• Establishes a Working Waterfronts Grant Program to provide matching, competitive grants to coastal states, Tribes, and Native Hawaiian Organizations to help preserve and expand access to coastal waters for water-dependent businesses.
  • Creates a loan fund for working waterfronts preservation, modeled after state drinking water loans.
  • Authorizes $50 million each for both the loan and grant programs.
  • Organizes a Working Waterfronts Task Force at the Department of Commerce to identify and prioritize critical needs for working waterfronts, especially in the face of the climate crisis and increased trade threats.

National Aquaculture Policy Report

Looking for more on the federal aquaculture bills? Catch our 2023 Wrap Up: Aquaculture Policy Report.

An Interview with Tia Clark
Ocean Strategies’ Hannah Heimbuch met with Tia Clark to learn more about her waterfront guide business — Casual Crabbing with Tia — and how she turned a personal passion into a beloved community experience.

Tia Clark didn’t set out to be a waterfront guide. Initially, she was just looking for a healthy way to get outside. When a cousin took her crabbing for the first time, she found that and so much more. That first day on the water turned to every day, turned to what is now an internationally award-winning business helping people build and re-build their relationship with the marine ecosystem.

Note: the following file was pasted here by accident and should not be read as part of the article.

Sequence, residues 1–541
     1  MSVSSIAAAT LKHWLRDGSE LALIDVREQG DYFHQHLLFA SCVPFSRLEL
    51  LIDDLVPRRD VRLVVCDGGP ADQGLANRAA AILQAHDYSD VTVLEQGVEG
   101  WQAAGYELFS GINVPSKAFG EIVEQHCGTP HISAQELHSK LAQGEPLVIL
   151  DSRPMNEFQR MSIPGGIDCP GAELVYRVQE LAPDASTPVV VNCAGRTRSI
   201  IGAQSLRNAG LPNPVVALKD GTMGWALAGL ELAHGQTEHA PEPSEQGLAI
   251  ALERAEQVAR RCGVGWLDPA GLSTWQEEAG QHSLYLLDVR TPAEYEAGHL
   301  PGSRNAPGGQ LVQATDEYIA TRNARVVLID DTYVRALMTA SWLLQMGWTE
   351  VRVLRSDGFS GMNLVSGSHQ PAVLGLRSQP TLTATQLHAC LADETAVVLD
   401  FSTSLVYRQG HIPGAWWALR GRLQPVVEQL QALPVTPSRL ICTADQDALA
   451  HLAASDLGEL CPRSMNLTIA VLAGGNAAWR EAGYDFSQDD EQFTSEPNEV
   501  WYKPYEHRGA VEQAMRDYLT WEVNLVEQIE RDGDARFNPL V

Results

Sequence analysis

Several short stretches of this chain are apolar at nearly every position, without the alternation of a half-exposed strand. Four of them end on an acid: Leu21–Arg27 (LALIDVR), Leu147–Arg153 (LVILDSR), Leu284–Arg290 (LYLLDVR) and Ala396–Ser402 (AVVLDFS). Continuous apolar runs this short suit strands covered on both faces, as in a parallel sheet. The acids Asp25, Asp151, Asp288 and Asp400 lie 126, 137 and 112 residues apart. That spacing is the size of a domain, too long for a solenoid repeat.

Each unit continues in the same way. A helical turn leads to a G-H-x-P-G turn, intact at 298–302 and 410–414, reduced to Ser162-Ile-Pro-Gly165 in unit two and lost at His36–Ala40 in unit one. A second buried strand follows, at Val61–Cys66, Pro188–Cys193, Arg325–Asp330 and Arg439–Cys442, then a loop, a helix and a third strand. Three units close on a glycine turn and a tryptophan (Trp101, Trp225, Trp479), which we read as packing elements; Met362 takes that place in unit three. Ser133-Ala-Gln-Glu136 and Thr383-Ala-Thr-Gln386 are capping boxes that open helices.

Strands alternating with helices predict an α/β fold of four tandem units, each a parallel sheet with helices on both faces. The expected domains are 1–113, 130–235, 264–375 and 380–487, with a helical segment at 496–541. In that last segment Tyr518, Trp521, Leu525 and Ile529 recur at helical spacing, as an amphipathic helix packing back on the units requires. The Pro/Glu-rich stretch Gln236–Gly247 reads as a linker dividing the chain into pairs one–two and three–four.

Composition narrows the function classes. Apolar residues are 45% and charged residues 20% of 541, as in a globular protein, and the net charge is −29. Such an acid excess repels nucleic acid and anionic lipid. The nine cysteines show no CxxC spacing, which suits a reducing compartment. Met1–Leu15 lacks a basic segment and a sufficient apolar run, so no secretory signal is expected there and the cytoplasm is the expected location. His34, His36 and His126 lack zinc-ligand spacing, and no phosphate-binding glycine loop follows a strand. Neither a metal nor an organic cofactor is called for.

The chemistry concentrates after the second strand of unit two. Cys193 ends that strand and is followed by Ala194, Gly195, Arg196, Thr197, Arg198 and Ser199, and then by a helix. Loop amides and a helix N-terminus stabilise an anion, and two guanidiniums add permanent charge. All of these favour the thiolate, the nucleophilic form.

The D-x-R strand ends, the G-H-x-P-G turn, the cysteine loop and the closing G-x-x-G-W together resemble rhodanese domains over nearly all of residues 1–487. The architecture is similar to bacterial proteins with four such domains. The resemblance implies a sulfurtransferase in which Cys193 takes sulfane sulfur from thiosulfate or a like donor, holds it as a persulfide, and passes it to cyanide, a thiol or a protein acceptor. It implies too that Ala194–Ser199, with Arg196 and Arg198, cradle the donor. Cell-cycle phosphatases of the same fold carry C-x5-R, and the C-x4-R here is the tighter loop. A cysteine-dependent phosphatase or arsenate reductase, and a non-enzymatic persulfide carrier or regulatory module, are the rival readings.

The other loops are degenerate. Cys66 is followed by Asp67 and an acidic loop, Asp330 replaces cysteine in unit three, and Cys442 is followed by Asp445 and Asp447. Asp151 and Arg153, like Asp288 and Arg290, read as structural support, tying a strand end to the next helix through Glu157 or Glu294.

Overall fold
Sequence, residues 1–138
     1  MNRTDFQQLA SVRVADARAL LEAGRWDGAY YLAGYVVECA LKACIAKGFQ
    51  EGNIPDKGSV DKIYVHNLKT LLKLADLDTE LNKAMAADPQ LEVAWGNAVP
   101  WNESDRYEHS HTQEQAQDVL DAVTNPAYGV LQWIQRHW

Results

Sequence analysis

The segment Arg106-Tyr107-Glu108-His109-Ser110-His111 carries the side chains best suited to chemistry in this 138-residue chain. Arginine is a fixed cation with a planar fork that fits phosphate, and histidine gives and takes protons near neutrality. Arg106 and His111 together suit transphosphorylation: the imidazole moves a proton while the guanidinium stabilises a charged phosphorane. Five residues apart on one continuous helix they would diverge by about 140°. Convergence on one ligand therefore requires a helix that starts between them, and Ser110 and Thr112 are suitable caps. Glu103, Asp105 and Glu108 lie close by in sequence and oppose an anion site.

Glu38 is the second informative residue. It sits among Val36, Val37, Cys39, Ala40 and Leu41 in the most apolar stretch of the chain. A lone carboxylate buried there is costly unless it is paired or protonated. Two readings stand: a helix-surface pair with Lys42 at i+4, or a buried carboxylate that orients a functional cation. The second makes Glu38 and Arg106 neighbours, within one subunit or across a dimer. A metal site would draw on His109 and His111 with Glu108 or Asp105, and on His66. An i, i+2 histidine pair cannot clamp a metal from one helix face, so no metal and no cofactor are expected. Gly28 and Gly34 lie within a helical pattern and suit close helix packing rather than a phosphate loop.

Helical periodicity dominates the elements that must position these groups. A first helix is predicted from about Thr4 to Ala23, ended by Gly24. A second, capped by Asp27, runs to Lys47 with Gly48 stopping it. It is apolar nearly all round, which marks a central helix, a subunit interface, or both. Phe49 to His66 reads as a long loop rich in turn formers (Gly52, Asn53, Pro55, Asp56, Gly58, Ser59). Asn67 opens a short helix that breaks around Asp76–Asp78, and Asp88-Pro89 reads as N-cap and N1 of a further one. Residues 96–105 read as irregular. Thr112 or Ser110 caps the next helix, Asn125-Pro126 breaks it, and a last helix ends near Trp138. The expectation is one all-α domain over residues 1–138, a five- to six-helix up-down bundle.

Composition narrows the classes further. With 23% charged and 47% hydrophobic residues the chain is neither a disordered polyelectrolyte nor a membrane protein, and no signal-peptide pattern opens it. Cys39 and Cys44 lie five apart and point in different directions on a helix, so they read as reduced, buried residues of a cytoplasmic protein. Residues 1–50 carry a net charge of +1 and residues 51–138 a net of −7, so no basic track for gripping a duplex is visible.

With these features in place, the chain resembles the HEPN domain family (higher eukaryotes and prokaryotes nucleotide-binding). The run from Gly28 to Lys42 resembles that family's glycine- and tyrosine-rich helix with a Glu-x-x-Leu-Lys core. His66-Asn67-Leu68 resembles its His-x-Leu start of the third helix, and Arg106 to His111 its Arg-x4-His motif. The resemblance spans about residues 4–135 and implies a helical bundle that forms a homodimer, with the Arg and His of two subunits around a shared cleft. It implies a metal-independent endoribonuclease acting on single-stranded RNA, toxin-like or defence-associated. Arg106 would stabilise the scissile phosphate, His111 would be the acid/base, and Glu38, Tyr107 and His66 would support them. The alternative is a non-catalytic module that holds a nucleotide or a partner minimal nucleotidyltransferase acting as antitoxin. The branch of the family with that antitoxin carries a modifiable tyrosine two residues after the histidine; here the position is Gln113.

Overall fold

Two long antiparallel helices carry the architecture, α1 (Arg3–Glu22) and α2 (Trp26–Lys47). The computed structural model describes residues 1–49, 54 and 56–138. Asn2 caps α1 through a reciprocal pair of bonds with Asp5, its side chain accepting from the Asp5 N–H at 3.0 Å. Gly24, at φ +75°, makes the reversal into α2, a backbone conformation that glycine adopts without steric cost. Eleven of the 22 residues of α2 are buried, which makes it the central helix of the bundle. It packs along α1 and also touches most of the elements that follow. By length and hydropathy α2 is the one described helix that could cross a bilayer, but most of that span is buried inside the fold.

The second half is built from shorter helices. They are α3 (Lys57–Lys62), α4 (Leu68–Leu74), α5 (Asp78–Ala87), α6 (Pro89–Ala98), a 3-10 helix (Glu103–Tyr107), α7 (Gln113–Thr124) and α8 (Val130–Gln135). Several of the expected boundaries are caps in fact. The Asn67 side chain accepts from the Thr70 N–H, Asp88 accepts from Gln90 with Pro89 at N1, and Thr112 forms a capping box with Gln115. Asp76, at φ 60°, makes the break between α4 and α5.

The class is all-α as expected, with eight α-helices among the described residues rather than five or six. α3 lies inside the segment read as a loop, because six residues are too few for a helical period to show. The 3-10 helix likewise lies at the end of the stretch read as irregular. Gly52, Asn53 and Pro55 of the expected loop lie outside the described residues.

“I teach people how to crab. That’s one way of saying it. Or you can say that I help people build an unbreakable bond with the water. I’m trying to teach people that you don’t have to have a boat. You don’t have to have money. You can have just as much fun and you can just really have this life changing bond with the natural resources that are around us.”

Click to listen to our full conversation with Tia.

What We’re Reading
Food is a universal thing. We all love to eat.

This recent Food Fix article includes an interview with author, advocate, and strategist Katherine Miller.